Behind the Scenes of Branding: The Creative Brief

Posted by Megan Seely in Branding & Identity

The Creative Brief


At the Pixel Foundry, we start each communication design or branding project with a creative brief. A creative brief is a (usually internal) document that guides the design process and includes information on the project goals and criteria.

Without a creative brief, a designer may find they’re producing design ideas that looks good visually, but aren’t tailored to the client’s needs or target market.

Our creative brief structure looks a little something like this:

  • A single sentence to describe, in a nutshell, what the project objectives are.
    Is the goal to raise awareness for a cause? Is it to sell more of product X? Is it to convince existing customers/clients to upgrade?
  • Some background on why this project should be able to achieve that objective.
    This can require some research.
  • The target market for the project.
    Is there an age group in mind? Are they existing customers, clients, or members? Do they already know who you are?
  • A list of keywords to guide the visual design aspect.
    Is this a project that’s fun, playful, entertaining, funny? Or is it corporate, professional, slick?
  • A list of keywords to avoid.
  • For a branding or web design project, we usually investigate main competitors, and develop a USP (unique selling proposition).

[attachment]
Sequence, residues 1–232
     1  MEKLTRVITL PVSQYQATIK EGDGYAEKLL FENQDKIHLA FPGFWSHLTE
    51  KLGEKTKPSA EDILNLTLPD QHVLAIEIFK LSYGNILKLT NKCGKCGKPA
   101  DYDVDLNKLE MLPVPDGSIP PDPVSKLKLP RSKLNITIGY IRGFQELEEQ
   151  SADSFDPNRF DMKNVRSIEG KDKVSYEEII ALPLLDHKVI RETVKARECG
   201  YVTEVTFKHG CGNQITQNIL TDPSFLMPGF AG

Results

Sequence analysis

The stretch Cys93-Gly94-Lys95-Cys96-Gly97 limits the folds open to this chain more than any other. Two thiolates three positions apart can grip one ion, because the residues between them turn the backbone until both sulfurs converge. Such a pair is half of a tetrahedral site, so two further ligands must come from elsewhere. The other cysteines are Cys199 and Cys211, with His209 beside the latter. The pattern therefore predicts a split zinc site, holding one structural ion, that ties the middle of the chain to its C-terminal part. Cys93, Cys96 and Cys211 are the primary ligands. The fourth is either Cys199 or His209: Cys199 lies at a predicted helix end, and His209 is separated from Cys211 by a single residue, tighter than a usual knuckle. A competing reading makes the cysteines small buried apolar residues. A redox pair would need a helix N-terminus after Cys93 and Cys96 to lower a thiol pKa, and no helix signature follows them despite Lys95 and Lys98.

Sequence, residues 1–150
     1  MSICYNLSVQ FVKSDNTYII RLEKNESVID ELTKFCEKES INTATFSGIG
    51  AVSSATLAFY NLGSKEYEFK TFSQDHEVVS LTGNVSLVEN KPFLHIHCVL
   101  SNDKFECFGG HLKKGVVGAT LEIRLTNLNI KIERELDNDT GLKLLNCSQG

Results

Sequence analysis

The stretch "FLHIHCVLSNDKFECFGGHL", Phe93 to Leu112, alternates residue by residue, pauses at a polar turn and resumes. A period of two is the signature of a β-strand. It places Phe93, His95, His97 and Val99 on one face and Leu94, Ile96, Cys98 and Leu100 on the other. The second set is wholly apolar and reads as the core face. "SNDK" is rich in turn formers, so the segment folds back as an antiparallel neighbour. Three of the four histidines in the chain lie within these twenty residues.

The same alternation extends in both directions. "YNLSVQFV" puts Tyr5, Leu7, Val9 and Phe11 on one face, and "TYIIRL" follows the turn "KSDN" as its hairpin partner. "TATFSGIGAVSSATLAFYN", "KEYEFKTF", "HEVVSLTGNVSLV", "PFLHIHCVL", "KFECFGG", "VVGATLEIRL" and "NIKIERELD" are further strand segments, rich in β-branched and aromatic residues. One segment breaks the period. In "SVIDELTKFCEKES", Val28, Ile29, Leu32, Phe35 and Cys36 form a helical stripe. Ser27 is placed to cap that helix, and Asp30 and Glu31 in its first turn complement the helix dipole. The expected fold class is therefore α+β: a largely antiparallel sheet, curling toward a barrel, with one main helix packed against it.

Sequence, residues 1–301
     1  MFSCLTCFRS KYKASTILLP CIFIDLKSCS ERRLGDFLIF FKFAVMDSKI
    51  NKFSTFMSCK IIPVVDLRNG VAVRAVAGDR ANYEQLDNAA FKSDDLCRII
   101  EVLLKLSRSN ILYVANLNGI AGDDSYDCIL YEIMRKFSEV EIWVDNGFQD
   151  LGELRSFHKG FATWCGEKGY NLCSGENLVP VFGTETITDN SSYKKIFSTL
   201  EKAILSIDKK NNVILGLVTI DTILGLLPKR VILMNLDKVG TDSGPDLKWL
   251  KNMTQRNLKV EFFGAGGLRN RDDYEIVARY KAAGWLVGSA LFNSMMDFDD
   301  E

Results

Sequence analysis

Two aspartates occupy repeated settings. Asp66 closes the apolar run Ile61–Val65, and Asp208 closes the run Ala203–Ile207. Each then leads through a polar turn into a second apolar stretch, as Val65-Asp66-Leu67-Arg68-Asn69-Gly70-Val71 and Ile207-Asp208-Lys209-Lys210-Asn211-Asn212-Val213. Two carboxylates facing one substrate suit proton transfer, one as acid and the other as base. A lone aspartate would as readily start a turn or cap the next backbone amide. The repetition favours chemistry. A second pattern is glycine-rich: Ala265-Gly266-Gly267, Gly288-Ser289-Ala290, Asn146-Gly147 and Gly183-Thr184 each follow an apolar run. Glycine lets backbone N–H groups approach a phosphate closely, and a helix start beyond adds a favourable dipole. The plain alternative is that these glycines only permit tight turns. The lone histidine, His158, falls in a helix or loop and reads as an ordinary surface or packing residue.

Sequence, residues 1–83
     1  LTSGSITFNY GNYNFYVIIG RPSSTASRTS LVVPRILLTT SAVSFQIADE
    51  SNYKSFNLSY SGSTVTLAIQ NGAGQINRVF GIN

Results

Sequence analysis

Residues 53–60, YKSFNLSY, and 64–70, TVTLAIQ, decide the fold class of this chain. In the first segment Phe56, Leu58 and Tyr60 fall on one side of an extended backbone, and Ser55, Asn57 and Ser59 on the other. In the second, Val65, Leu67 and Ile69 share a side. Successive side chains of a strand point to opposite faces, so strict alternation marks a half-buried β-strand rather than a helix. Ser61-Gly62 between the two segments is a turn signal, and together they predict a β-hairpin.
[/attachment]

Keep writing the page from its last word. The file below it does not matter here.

What do you do better than anyone else?
  • Deliverables.
    What are the specifications for the final print or digital piece(s)?

As you can imagine, developing a useful creative brief goes beyond a quick phone call. We might want to visit the client’s place of business, talk to employees and customers, demo the product/service, hold discovery sessions (brainstorm), or research.

Here’s a whiteboard illustration to show how the creative brief fits into the creative process for a logo design:

The branding process - Chestnut St. Pixel Foundry

During the judgement phase, we check our concepts against the creative brief before anyone else sees them. Even the cleverest design won’t make it, if it doesn’t meet the project objectives.

We hope this behind-the-scenes look at our process gives some idea of the non-design strategy that goes into developing good work. If you need branding or a logo, and you’re not sure where to start, get in touch. We’re happy to help.